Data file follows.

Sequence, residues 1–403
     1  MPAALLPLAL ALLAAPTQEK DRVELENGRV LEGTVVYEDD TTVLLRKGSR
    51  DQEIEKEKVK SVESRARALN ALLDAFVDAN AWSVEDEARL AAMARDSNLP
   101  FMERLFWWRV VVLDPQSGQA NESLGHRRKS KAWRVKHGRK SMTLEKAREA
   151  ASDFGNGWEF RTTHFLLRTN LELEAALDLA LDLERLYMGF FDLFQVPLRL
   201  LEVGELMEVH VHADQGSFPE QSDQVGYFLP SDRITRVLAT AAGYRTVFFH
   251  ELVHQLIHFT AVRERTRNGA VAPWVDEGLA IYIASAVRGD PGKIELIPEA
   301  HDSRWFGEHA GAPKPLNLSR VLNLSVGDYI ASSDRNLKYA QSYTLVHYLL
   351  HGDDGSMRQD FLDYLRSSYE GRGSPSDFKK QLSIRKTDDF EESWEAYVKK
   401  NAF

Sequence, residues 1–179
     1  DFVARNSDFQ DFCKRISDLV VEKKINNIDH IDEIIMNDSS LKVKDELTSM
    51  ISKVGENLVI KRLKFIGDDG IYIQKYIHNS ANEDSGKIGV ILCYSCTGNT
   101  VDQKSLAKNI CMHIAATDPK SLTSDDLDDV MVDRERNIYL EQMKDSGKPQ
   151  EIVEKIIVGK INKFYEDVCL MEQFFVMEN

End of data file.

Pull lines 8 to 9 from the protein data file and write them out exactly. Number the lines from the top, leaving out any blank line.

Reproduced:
   301  HDSRWFGEHA GAPKPLNLSR VLNLSVGDYI ASSDRNLKYA QSYTLVHYLL
   351  HGDDGSMRQD FLDYLRSSYE GRGSPSDFKK QLSIRKTDDF EESWEAYVKK